The performances really make this. Bryan Madorsky is really good as young Michael. He’s believably nervous and fittingly awkward throughout most of the movie. He’s a twitchy little kid, the runt of the litter maybe. Small in stature but smart, observant and clever. Madorsky handles this well, we have no trouble buying him in the role. Sandy Duncan and London Juno are good in their supporting roles, sometimes offering up some comic relief with their respective parts. Really though, it’s Mary Beth Hurt and Randy Quaid who really stand out here. On the surface they’re Ward and June Cleaver through and through, the perfect middle class American family that would seem to be doing everything right. Wholesome. Charming. Clean cut. Of course, we know early on in the film that appearances are clearly deceiving but Quaid and Hurt are so damn good in their parts that they almost win you over!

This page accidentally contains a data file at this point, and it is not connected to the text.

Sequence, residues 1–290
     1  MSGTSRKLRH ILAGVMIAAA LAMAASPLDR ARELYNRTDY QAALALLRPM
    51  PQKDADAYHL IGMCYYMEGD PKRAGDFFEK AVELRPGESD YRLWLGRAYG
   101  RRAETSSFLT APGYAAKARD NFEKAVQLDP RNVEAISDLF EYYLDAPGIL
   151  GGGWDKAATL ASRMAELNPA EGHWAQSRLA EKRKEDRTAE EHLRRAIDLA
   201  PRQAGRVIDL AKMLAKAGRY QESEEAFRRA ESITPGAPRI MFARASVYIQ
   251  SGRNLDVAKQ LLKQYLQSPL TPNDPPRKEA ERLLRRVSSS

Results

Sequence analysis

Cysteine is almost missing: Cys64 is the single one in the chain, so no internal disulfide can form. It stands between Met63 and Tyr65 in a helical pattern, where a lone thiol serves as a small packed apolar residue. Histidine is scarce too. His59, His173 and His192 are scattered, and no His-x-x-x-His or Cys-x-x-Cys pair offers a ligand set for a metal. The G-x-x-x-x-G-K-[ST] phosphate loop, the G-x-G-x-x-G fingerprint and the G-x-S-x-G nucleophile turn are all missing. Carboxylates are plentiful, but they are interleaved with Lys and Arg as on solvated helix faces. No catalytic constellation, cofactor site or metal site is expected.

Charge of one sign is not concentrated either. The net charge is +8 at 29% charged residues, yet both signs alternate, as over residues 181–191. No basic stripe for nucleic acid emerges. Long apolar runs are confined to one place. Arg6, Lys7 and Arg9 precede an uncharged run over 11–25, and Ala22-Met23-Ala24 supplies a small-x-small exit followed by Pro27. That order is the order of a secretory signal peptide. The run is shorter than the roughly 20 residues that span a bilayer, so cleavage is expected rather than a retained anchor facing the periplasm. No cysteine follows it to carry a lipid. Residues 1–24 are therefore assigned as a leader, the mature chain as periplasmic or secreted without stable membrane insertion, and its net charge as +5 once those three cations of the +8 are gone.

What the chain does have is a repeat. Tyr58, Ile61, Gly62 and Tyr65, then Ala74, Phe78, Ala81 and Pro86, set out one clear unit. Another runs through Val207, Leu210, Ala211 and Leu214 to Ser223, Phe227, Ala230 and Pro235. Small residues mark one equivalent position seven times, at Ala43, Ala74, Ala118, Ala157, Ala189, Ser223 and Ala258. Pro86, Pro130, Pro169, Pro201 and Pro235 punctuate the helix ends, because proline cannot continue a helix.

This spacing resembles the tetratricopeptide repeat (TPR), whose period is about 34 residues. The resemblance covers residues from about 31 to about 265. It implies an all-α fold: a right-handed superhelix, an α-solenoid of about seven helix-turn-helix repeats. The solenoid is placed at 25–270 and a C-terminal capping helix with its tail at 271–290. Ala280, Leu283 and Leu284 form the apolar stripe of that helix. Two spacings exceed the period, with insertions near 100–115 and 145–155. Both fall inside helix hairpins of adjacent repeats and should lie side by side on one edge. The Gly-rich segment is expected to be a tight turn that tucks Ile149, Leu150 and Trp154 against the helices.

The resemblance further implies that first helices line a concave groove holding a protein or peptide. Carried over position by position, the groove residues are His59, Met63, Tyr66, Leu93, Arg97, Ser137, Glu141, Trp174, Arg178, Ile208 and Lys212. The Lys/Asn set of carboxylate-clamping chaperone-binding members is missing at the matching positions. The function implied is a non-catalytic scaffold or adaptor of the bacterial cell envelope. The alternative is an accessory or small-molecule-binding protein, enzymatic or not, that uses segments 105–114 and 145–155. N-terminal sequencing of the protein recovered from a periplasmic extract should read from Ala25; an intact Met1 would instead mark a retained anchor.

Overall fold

It’s also worth noting how strong the production values are here. Parents was made on a modest budget but the team that worked behind the camera really went all out to make sure that the fifties period detail was done right. Jonathan Elias (with additionaly contributions from none other than Angelo Badalamenti!) does equally great work with the film’s score, while soundtrack contributions from Dean Martin, The Big Bopper and Sheb Wooley help to seal the deal.

    Video/Audio/Extras:

    Parents debuts ono Blu-ray in an AVC encoded 1080p high definition transfer framed at 1.85.1 widescreen. The image is clean and shows nice detail throughout. There are a few shots that do look a bit soft but this would seem to stem back to the photography rather than the transfer. Colors are nicely reproduced here and black level are very good, if just shy of reference quality. Skin tones look nice and natural, quite lifelike, and the picture is free of any obvious noise reduction, edge enhancement or compression problems.

    The only audio option for the disc is an English language DTS-HD 2.0 Stereo track, with optional subtitles provided in English only. Clarity of the track is quite good with easily discernable dialogue a constant and properly balanced levels noticeable throughout. There are no noticeable problems with any hiss or distortion and the music used throughout the movie sounds really good here, with a nice bit of bounce behind it.